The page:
As for the remainder of Rule 9j-1, paragraphs (b) and (c) are intended to sync up Rule 9j-1(a) with Rule 10b-5, clarifying that a person may not avoid liability under Rule 10b-5 by transacting through SBS or avoid liability under Rule 9j-1(a) by transacting in underlying securities.

Rule 9j-1(e) provides two affirmative defenses from liability under Rules 9j-1(a)(1)–(5), like those provided under Rule 10b-5, for persons taking actions while in possession of material nonpublic information (MNPI). A person that has rights and obligations under SBS it entered into in good faith before obtaining MNPI will not be prohibited from exercising those rights and obligations based on the fact that it has since acquired MNPI.

Similarly, a person that is not a natural person and has MNPI will not be prohibited from trading if the individual making the investment decisions is not aware of the MNPI and the entity has reasonable policies and procedures in place to ensure the individual making investment decisions would not be in violation of Rules 9j-1(a)(1)–(5). Notably, these affirmative defenses do not apply to actions taken in violation of Rule 9j-1(a)(6).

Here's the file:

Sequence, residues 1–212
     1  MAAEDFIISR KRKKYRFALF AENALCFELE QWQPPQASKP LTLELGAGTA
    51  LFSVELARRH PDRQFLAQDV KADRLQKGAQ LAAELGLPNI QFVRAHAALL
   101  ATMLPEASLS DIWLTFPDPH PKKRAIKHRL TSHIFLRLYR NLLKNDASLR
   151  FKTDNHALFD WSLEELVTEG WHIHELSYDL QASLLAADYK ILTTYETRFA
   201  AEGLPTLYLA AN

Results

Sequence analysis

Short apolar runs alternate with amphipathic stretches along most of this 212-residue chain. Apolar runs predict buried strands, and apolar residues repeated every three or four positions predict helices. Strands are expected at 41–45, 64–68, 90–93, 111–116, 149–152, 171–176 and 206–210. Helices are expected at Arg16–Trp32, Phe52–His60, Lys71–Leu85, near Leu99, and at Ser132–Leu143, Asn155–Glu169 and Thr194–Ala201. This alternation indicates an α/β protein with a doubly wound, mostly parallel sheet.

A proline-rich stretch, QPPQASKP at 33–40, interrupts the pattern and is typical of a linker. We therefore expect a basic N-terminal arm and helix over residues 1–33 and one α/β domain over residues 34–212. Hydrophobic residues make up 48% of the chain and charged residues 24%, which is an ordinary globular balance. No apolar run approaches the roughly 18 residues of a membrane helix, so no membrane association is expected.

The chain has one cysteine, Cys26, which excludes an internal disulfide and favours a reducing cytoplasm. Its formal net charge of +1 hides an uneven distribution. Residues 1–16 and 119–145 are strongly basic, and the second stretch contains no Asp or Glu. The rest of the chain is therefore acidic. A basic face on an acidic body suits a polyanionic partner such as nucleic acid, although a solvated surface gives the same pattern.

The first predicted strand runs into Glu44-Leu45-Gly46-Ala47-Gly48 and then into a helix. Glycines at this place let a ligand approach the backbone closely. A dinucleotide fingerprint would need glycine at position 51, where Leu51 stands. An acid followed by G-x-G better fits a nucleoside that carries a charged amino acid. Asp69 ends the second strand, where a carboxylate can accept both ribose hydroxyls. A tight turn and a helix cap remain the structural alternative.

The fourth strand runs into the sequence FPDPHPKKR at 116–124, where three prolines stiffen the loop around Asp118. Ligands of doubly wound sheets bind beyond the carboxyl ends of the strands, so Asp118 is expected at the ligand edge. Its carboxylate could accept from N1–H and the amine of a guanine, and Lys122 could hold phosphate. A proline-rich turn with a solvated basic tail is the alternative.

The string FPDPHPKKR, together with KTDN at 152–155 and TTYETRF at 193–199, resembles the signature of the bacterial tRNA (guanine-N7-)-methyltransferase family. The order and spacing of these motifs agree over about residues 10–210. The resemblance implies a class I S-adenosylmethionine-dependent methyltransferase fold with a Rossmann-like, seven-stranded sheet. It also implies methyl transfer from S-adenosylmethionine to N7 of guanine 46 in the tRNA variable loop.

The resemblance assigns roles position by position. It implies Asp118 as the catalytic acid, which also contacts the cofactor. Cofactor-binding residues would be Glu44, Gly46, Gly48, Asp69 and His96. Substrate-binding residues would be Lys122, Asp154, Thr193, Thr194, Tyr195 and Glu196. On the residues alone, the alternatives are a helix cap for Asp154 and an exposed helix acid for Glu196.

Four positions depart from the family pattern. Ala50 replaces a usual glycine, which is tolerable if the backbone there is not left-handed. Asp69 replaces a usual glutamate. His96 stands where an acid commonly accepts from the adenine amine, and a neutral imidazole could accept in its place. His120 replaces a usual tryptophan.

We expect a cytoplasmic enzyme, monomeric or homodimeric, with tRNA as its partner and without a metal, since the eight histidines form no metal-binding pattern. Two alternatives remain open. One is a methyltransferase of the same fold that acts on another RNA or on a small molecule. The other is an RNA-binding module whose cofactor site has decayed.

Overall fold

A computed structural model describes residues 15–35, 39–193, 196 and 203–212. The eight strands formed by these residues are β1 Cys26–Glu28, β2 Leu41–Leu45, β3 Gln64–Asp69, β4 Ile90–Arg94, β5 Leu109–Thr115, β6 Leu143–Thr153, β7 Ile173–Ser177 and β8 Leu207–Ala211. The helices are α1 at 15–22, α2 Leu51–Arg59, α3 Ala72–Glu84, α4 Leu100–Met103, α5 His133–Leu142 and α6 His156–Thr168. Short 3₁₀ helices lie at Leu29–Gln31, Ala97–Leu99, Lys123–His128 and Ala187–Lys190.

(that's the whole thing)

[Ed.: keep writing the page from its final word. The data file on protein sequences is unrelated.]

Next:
Neither Rule 9j-1 itself, nor the SEC’s guidance, addresses whether a private right of action exists for claims under Rule 9j-1, so it appears that will be left for courts to determine.


It should be interesting to see if the SEC is indeed willing to bring actions based on the broad interpretations of the text of Rule 9j-1 that it has asserted in its guidance and, if so, if courts will be inclined to agree with those interpretations. In any case, the SEC has put market participants on notice that it remains focused on opportunistic CDS strategies and that it is now better equipped to police them.

Media Contact
Alex Wolfe
Communications Director